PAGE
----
Because systemic racism and neo-colonial exploitation could be real features of life in Samoa, if New Zealand’s experience is anything to go by. What else do we call the replacement of traditional foods with imported rubbish, under a system that promotes Western dietary values? New Zealand has a large Samoan population, and New Zealand’s dietary guidelines are dismissive of all the traditional Pacific energy foods in favour of grains. The use of coconut is confused with coconut oil and discouraged in patronising statements like “The Heart Foundation considers that when indigenous people consume coconut flesh and milk along with fish and vegetables, and they are also physically active, the coconut consumption is unlikely to put them at risk of cardiovascular disease. They are in a very different situation from people who consume coconut oil along with a typical western diet.”
Which if true (and the claim is still untested, as Shaw would have recognized, but likely to be untrue) would be true of any food supplying energy. Is it also saying that coconut is unhealthy for a sedentary population? That’s also unlikely to be true.
Traditional diets, and decent diets aligned with them, have long been disrupted in the Islands by Western-trained medical freemasons and commercial traders of imported goods, often working hand-in-hand. If you want to call it structural racism I won’t stop you. But weird how silent the usual suspects are.
Would the grifter’s supplements have saved lives? A silver bullet nutritional approach to systemic deprivation is rarely highly effective, but according to the Cochrane Collaboration, the ultimate in evidence-based medicine “Vitamin A reduces the risk of death from measles by 87% for children younger than 2 years”.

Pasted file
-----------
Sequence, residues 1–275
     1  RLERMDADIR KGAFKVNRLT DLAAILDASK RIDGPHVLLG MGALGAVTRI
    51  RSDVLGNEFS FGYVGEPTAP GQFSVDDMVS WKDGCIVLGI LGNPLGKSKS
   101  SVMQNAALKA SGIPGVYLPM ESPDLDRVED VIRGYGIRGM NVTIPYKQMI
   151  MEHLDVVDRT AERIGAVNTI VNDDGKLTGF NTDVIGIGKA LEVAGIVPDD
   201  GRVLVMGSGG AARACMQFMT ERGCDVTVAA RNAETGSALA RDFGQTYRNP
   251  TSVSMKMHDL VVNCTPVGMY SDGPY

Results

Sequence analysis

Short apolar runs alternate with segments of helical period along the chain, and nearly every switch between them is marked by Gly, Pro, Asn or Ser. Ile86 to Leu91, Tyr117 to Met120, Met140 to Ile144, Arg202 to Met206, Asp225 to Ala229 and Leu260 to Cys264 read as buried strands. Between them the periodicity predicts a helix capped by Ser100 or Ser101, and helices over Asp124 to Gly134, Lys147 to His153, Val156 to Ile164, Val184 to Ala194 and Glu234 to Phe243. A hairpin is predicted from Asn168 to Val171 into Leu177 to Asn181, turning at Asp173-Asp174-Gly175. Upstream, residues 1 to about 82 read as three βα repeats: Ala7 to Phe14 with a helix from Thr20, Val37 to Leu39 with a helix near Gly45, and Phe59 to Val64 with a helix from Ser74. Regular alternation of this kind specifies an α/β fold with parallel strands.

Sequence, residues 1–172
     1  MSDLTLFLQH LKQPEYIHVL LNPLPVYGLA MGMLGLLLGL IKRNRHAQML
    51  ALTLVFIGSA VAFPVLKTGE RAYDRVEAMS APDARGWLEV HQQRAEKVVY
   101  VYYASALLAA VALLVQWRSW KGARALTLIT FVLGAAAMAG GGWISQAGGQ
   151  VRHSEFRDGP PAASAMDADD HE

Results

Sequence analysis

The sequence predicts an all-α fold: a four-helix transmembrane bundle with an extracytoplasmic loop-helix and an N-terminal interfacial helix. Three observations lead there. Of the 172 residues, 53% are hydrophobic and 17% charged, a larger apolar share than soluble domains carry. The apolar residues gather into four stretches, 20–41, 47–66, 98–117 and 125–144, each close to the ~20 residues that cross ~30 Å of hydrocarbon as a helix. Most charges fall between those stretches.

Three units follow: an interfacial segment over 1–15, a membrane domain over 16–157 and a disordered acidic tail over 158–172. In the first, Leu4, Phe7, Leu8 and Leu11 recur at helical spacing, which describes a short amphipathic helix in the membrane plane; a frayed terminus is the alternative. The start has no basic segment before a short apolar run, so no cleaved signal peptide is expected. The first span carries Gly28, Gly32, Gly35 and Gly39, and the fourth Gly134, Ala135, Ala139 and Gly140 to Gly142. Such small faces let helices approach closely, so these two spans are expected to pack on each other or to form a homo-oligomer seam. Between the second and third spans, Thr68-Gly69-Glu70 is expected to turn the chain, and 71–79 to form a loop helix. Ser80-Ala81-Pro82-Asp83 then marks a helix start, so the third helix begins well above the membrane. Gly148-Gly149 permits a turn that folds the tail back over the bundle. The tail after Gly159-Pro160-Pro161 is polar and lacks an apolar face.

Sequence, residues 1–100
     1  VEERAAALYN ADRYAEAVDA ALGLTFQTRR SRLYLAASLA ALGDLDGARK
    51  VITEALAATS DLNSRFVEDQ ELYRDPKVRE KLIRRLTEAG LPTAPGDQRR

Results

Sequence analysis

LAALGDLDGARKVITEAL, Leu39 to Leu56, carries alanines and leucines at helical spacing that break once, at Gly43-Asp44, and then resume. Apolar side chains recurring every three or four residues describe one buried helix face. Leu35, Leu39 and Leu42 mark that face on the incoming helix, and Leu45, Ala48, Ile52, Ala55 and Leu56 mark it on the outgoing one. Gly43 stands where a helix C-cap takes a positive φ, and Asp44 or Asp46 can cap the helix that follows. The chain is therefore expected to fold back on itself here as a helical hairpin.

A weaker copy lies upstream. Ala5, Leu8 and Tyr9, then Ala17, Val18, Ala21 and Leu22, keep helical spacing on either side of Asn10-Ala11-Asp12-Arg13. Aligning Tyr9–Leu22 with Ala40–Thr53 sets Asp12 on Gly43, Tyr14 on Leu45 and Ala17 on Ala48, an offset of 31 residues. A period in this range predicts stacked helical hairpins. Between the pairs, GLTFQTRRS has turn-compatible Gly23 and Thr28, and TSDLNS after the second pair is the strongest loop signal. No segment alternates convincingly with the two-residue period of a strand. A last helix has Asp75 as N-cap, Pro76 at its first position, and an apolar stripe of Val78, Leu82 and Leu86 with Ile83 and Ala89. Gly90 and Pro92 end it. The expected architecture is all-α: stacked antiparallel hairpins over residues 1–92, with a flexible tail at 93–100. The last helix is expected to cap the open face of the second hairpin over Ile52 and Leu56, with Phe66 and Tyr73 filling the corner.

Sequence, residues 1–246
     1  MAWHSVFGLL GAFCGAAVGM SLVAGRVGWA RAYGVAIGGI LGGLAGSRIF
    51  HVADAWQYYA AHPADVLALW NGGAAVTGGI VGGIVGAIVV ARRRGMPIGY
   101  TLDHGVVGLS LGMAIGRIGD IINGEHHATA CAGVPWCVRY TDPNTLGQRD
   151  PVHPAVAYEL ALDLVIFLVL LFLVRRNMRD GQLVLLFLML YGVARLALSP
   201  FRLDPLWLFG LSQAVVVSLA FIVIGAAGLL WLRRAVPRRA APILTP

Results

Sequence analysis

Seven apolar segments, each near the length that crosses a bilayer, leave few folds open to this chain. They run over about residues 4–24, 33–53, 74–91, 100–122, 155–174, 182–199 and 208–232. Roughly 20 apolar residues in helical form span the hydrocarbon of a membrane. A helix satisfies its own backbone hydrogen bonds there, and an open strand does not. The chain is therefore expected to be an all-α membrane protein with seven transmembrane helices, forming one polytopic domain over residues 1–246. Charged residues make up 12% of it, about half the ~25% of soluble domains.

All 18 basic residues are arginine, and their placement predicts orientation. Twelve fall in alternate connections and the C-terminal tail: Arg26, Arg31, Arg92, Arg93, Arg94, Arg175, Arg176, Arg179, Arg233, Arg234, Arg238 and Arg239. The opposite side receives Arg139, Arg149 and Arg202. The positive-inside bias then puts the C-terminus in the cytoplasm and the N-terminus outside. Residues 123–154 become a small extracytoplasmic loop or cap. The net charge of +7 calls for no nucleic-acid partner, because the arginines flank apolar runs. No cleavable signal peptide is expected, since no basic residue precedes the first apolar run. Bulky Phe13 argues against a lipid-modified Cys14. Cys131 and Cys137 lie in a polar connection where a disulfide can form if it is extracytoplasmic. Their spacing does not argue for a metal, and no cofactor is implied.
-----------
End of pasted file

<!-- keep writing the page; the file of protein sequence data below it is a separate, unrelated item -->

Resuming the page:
Yet the Samoan authorities were telling parents to ignore the grifters. Did they throw the babies out with the bathwater, or were they also supplying the vitamins to the unvaccinated, preferably before they got measles?
I don’t know the answers. But I do read the papers, watch the TV news, and look at stories on the internet. If I don’t know then it’s likely that very few people know. They only know what they’re told, and the narrative is owned by people who won’t tell you these important things. It’s still owned by Sir Almroth Wright. There’s an alternative narrative, of course, but you certainly can’t trust the people who own that.
Which leaves it up to the people who claim to be investigative – including your David Farriers and Byron Coleys – to find out the truth for us, even if this does rattle their class interests.
I'm always hopeful that my blog posts may attract people not familiar with my preoccupations and body-of-knowledge, such as it is. So to avoid confusion, here is a summing up:
Vaccines, which have been improved since Sir Almroth Wright's day, are a huge contributor to population health. You shouldn't have needed me to tell you that.
There was no Covid vax for a year and most people will still have no Covid vax this time next year. Over 3 million people have died. The drugs are not that effective at preventing this.
Look at environmental factors. The strong associations that exist - selenium, vitamin D and unsaturated/saturated fatty acid ratios - should have been exhaustively tested by now. But instead fuck all has happened. Why?
Who is in charge of deciding what to test and how, and why have they not heard of Austin Bradford Hill?
There was no measles vax in Samoa due to a vaccine disaster. Such accidents are always possible, and antivaxers, paradoxically, will always be with us. Why were nutritional interventions - including those with known value - neglected and, indeed, scorned?
And were the other effective hygiene interventions - lockdown, masks, hand sanitizer, social distancing, quarantine - used to control spread, and if so, at what stage of the epidemic? They certainly weren't being used in the NZ outbreak.
The pertussis vax in DPT is also ineffective at preventing outbreaks and needs more frequent boosters than most people can manage. Again, lockdown, masks, hand sanitizer, social distancing, quarantine could be used to control spread, for which to work diagnostic criteria need to be more pragmatic and affordable, and environmental factors should be researched.